From the very first possession of the game, you knew Kyrie had the ball on its usual leash. He flies past Russell Westbrook off a pick, loses control and more or less rolls the ball across the paint, then resettles in the corner and loops back around to the arc. By now he’s cut an odd path through the court—a Family Circus comic strip—when suddenly he spots a seam between Westbrook and Domantas Sabonis, bursts through it and floats one off the glass. In all, not a pretty possession, but still a somehow hypnotic display of ball control and improvisation. Given how hard it is to follow by eye, you can empathize with the confused Thunder defense, swarming in response to his every jittery dribble.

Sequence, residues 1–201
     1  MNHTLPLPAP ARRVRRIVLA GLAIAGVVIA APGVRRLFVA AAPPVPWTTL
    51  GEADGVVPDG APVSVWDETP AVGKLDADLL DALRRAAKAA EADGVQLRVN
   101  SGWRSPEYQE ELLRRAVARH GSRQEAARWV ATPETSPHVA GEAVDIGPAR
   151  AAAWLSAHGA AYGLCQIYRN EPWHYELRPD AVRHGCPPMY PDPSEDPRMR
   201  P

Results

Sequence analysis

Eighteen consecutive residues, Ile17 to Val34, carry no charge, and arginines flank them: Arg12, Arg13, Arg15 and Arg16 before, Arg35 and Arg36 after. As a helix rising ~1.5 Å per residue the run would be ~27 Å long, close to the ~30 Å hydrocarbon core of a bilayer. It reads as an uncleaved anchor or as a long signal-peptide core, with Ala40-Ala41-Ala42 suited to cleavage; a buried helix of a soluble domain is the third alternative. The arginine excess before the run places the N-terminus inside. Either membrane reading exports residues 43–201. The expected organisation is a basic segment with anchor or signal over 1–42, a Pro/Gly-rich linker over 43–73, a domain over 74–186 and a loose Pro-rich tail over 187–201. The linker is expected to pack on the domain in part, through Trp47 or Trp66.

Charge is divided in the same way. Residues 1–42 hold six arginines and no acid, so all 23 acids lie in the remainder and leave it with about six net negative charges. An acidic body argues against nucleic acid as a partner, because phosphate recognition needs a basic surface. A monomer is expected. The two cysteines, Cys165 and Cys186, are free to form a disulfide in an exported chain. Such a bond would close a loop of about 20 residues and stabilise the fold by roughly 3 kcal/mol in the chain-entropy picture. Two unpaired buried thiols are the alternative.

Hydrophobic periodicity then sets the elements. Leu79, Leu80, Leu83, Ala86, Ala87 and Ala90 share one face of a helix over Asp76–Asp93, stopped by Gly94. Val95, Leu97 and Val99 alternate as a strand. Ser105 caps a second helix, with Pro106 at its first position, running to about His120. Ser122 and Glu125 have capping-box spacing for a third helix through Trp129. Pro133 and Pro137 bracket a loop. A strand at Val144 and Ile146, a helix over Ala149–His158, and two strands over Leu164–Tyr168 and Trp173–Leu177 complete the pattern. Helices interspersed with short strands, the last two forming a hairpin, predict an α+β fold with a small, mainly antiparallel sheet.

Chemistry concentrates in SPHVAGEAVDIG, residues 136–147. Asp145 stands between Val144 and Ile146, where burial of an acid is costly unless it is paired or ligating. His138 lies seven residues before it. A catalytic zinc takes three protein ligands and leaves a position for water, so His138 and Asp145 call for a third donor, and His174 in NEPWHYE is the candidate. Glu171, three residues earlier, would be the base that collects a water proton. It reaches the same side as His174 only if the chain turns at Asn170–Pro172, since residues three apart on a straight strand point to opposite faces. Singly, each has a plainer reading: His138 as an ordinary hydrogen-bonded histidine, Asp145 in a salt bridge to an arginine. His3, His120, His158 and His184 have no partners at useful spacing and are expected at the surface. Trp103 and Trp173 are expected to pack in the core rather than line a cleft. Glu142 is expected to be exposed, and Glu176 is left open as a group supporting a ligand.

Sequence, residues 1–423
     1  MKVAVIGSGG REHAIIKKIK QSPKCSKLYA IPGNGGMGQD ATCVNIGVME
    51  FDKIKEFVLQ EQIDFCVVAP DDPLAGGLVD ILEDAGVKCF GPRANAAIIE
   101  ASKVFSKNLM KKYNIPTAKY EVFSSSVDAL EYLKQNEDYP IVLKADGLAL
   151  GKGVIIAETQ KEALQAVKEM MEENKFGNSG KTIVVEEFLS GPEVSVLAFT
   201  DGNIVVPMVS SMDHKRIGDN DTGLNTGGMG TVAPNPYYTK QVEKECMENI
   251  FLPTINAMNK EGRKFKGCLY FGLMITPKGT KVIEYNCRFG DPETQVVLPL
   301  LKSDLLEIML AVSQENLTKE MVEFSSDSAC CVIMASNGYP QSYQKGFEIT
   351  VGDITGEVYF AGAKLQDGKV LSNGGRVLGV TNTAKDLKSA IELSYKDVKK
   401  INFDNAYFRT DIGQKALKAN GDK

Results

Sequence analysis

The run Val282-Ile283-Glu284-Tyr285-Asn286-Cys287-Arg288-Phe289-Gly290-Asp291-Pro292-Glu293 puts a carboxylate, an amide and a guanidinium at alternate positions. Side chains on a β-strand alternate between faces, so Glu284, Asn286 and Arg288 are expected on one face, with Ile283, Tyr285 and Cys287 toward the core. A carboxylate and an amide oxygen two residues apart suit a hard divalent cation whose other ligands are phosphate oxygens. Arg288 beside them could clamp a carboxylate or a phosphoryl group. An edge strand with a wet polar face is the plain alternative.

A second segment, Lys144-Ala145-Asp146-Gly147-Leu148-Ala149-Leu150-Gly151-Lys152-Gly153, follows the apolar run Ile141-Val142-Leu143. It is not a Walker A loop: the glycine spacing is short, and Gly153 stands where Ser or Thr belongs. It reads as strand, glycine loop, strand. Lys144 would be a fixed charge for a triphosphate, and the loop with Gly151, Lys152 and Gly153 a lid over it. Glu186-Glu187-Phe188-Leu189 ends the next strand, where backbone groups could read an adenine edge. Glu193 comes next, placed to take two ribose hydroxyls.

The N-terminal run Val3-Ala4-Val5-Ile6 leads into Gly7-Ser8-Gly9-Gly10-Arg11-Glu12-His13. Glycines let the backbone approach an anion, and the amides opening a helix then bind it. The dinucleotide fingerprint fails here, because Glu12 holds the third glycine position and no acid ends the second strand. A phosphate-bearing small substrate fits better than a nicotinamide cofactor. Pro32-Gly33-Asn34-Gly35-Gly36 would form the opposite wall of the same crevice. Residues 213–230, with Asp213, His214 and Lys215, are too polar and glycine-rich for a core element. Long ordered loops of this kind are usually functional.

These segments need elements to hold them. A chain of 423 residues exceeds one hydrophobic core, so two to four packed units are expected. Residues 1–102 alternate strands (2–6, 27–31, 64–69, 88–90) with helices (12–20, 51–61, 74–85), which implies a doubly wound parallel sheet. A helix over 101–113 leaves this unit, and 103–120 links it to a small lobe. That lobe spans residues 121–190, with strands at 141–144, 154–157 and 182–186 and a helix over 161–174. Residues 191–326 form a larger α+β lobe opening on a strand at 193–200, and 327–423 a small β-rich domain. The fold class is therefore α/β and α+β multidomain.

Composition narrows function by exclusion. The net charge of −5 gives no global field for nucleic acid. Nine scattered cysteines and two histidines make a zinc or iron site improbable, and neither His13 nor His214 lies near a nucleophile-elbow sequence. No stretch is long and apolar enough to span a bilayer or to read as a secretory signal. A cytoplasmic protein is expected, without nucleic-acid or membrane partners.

Later on he offered some more conventionally attractive tricks. Here he is sneaking past the arms of Russell Westbrook, Steven Adams (twice), and Jerami Grant for a wily scoop finish:
Plenty of Thunder defenders got a taste of Kyrie iso over the course of four quarters. Victor Oladipo succumbed to the double crossover:
Andre Roberson, as sticky a perimeter defender as you’ll find in the league, couldn’t manage to stay in front of Irving on this drive:
Despite his 28 points, the Cavs lost 118-109. Wipe the whole All-Star Weekend slate: it should consist of every active NBA player, in succession, trying to lock up Kyrie Irving one-on-one. That’d be much more entertaining.